Banks are braced for losses on a £1bn bond and loan deal backing online UK gambling company 888’s takeover of rival William Hill’s operations outside the US, marking the latest debt sale to go awry in volatile markets.
Investment banks have incurred steep losses on a string of recent debt sales backing riskier corporate acquisitions as the deals unravel in the face of rising interest rates and increasingly wary investors.
In these deals, banks initially underwrite the debt and then sell it on to specialist funds, meaning the underwriters can book losses if investors demand higher yields than initially expected.
JPMorgan and Morgan Stanley, the two banks leading 888’s bond and loan deal, were scheduled to wrap up the debt sale this week. But JPMorgan announced on Friday that it would now be “delayed until mid next week”.
The US investment bank cited a “delay” in finalising the documentation around the US dollar loan portion of the deal, along with the impending July 4th holiday.
However, bond and loan fund managers who were approached to buy the debt said tepid demand had hit the sale, with investors not even tempted by double-digit yields. The banks began marketing the deal at a yield of around 10 per cent, but will now have to price it even higher.
JPMorgan and Morgan Stanley declined to comment.
888 is buying William Hill’s operations outside the US, which include 1,500 UK betting shops and online operations in markets such as Italy and Spain, from casino operator Caesars.
Rising inflation and the prospect of higher interest rate rises have sapped investors’ appetite for risk, with European high-yield bond indices dropping around 15 per cent this year.
On top of the stresses in debt markets, the UK government’s review into the 2005 Gambling Act, which is expected to clamp down on problem gambling, is also weighing on 888’s debt deal.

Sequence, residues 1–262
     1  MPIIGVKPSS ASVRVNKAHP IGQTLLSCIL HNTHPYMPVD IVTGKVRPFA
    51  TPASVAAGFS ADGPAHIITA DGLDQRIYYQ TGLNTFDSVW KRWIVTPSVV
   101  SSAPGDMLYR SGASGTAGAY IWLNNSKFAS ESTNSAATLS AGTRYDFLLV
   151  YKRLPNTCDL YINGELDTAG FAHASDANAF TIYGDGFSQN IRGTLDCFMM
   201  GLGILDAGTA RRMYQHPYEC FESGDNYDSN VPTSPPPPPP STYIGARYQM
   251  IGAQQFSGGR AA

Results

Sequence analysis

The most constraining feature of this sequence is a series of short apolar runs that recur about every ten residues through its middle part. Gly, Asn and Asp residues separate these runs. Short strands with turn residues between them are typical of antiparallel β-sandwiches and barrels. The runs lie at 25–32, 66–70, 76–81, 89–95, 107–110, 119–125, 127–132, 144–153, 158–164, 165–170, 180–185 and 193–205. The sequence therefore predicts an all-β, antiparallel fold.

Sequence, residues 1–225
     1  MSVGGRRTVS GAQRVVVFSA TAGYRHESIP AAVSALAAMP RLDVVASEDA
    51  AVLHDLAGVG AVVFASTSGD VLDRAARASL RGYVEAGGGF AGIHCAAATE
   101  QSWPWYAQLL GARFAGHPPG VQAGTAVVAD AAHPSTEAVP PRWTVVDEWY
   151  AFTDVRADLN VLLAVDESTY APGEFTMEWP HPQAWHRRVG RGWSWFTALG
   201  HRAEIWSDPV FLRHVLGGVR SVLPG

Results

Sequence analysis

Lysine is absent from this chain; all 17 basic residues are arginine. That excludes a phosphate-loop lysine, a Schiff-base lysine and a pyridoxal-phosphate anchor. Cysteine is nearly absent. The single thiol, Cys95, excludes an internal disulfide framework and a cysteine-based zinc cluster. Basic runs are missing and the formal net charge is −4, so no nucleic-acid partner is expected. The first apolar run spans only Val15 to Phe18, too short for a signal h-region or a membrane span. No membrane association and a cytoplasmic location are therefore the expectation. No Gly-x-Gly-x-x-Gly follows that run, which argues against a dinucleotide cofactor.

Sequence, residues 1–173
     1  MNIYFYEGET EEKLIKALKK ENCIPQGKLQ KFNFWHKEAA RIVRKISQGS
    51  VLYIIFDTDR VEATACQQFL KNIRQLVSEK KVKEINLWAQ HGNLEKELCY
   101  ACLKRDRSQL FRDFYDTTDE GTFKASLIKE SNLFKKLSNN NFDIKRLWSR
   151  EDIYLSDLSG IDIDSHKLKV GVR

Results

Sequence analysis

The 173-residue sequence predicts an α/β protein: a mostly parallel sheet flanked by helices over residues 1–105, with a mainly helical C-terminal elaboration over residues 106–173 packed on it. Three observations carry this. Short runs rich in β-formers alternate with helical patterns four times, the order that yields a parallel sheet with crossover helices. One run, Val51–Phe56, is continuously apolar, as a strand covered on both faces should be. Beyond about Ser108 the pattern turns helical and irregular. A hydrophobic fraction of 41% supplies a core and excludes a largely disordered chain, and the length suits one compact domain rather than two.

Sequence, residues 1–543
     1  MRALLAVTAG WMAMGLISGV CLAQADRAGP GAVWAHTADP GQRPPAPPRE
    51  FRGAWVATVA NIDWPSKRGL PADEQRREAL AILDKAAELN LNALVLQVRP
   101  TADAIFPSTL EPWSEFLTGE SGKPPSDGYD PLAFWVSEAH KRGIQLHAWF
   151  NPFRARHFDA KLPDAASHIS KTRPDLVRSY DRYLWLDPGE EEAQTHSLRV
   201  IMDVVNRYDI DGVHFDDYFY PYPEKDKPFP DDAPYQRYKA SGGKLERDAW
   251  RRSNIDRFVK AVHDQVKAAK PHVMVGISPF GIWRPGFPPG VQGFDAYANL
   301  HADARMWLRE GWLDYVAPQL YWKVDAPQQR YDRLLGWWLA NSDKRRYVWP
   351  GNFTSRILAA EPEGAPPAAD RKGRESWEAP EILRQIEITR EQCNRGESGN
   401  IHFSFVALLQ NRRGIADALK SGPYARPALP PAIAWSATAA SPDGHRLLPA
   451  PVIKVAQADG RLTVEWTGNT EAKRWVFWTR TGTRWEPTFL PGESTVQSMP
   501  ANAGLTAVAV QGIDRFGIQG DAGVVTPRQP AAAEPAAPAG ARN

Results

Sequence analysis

“It’s impossible to take a view on this credit before the government white paper is out,” said one loan fund manager.
The UK government policy document, due within days, will mark the biggest shake-up of the industry in 17 years. Culture secretary Nadine Dorries is set to recommend a series of measures, including a maximum stake of between £2 and £5 for online casinos, stricter checks on customers’ income levels and a ban on free bets and VIP packages for problem gamblers.
But the sector remains uncertain over the details, particularly whether the government will opt for tougher curbs, such as a new levy on gambling profits to fund public health initiatives. “There’ll be a fair amount of pain, we just don’t know exactly where it’s going to come,” said one gambling industry executive.
When banks struggle to sell underwritten deals, they have to offer the debt to investors at a discount to face value, leaving them with a loss. JPMorgan began marketing 888’s deal at around 92-93 cents on the dollar, but fund managers expect it to ultimately close at an even steeper discount.
The group of banks underwriting the deal — which also includes Mediobanca and Barclays — have already decided to hold around £760mn of 888’s debt on balance sheet, rather than trying to sell it to investors.
The gambling deal is the latest leveraged buyout to cause pain for investment banks, which underwrote debt packages before a market downturn crimped demand for riskier debt.
A group of banks led by Goldman Sachs placed a £1bn bond backing the takeover of UK supermarket Morrisons at a steep discount in May. These banks are still sitting on billions of pounds in unsold loans backing the deal, which they are expected to incur further losses on.
European high-yield corporate bond issuance has dropped strongly this year in these tricky conditions, with Refinitiv data showing proceeds down 77 per cent compared to the first half of 2021, when many companies rushed to lock in favourable interest rates in benign markets.
“It’s one of those that in a good market would get done, but need to come with some concession,” said one bond investor, whose team passed on 888’s deal. “In a bad market, [it is] much harder.”
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